Words are the stories we use to tell other stories. It's a lesson I've just learned again with kowtow.
The December issue of The Atlantic included an interview by James Fallows with Gao Xiqing, the Chinese banker who oversees about $200 billion of his country's $2 trillion in dollar holdings. One of Mr. Gao's points was that Americans fail to appreciate the extent to which they are being financed by other countries, especially China. Their willingness to hold T-bills and other US securities helps maintain American lifestyles.
And Gao thinks Americans in general aren't appropriately grateful.
"[Y]our economy is ... built on the support, the gratuitous support, of a lot of countries," he told Mr. Fallows. "So why don't you ... I won't say kowtow, but at least be nice to the countries that lend you money."
In his introduction to the piece, Fallows warned that some of Gao's comments would "look more astringent on the page than they sounded when coming from him." And the reference to kowtowing was softened with a bracketed notation that the comment was made "with a laugh." Let's hear it for the power of brackets. But note, too, the power of the rhetorical device: Mr. Gao "won't" say it, but in fact did say it.
Kowtow came into English early in the 19th century. It derives from two Chinese words that together mean "to knock the head" – to knock one's own head to the floor, that is, in a gesture of submission. To perform the kowtow in full traditionally meant kneeling three times and at each kneeling, touching one's head to the floor three times. Three times three makes nine head knocks, and that was the price of admission for an audience with the emperor of China. Can you imagine how well this went down with Western trade emissaries?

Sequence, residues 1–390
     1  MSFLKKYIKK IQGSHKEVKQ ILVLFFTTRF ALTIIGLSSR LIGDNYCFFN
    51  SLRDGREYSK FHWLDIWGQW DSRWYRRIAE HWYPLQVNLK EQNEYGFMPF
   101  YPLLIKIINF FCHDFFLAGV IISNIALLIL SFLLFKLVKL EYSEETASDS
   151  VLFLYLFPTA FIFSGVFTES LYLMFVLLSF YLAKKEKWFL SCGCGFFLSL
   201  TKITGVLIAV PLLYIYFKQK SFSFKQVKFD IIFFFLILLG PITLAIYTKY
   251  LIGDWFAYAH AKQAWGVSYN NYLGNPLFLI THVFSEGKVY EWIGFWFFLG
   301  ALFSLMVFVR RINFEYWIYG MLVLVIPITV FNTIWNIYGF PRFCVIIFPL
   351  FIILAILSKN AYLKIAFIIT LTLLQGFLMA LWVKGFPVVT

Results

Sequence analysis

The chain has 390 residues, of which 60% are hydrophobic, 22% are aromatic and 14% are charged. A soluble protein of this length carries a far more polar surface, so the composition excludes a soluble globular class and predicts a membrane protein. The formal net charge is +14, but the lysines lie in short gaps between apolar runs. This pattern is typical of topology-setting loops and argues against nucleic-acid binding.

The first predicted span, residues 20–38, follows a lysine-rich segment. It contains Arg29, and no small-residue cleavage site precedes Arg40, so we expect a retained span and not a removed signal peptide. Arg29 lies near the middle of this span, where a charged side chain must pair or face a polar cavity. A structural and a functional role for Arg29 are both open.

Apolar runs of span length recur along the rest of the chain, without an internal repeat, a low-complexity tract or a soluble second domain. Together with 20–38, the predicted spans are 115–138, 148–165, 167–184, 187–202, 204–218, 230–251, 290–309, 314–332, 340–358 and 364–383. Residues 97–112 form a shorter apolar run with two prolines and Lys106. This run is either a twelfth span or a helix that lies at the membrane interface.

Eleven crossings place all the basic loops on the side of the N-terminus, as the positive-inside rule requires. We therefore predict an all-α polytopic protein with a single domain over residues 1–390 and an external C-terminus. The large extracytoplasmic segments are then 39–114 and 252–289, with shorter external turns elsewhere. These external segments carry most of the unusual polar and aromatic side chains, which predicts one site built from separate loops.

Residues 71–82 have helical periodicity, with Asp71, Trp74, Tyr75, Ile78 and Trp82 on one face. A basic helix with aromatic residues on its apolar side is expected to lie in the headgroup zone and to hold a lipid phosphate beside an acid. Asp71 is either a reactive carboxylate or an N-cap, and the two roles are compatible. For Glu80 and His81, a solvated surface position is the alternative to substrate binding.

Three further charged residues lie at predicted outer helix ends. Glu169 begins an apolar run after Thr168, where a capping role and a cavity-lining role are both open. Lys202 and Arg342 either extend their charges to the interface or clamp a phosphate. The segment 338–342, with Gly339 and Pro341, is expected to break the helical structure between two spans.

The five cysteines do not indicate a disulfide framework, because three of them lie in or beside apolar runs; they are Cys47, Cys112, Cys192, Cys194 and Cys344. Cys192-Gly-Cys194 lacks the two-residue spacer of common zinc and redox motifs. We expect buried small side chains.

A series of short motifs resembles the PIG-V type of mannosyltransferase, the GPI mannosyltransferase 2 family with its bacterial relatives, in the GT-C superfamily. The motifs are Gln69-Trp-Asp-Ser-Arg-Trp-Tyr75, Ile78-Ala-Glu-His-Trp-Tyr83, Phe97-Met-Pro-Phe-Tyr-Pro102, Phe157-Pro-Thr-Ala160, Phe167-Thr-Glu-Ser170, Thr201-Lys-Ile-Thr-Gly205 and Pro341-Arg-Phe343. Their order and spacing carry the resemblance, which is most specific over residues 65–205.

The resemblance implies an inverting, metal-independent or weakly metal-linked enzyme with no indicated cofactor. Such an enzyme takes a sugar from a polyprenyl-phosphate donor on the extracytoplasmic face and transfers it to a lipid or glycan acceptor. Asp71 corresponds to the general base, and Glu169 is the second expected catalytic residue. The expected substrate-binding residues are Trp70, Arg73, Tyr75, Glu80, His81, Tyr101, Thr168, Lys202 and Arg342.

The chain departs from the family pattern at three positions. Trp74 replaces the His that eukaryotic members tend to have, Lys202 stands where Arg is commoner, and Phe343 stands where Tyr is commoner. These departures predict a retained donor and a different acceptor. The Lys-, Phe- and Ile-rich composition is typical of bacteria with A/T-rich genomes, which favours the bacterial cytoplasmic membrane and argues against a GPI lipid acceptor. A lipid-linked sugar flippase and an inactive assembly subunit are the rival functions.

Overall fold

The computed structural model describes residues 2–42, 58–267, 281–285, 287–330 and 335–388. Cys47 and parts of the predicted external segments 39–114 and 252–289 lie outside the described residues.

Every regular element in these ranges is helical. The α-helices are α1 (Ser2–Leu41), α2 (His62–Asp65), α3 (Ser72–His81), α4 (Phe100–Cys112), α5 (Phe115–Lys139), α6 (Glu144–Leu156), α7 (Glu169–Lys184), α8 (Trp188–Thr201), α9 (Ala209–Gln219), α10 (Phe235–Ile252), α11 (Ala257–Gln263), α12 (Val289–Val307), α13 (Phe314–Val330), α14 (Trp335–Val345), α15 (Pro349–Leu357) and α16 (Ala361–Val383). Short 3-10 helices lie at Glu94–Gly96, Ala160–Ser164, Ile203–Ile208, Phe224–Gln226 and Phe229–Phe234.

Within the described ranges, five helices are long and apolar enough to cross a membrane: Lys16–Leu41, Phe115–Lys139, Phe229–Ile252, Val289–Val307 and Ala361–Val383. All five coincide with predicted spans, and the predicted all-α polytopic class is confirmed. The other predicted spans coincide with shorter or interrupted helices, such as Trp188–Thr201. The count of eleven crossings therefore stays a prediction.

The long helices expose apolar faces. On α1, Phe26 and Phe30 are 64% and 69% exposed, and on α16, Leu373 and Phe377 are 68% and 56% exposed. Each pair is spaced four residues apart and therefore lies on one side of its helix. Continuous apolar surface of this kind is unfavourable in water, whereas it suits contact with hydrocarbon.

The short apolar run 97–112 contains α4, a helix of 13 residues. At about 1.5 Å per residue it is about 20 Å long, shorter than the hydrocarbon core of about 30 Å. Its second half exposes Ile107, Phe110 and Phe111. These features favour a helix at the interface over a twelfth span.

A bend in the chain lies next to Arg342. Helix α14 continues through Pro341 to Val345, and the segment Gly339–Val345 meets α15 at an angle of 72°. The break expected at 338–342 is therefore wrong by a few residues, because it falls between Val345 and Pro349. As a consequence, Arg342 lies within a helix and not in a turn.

One of these was Lord George Macartney – he sounds like an early Beatle, but no, he was a Scotsman in the diplomatic service of King George III. In 1793, shortly after the American colonies had won their independence from Britain, His Majesty sent Macartney to China to try to open trade relations.
It may be hard to imagine now, but at that time, several Asian countries that today are close trading partners of the United States had locked their gates and walled themselves off from Western visitors. The Chinese had no notion of the West having anything they would want to purchase. As the emperor wrote to George III, "As your Ambassador can see for himself, we possess all things. I set no value on objects strange or ingenious, and have no use for your country's manufactures."
The conversation almost didn't get that far, however. Macartney refused to kowtow – unless a Chinese official of a rank equivalent to his own would do the same before a picture of King George. That wasn't acceptable to the Chinese. They countered: What if Macartney came before the emperor bending the knee, as he would have done to his own sovereign?
That would be acceptable to the emperor, as long as the encounter took place away from the capital, on the grounds of the summer palace.
Two centuries later, China has become the world's factory. The emperor's political descendants see selling to the West as an essential part of their economic strategy. But kowtowing is still part of the discussion, however obliquely.
I can't resist noting here that this is appearing in the last daily print issue of the Monitor. But I look forward to continuing the conversation with you in our new weekly and online.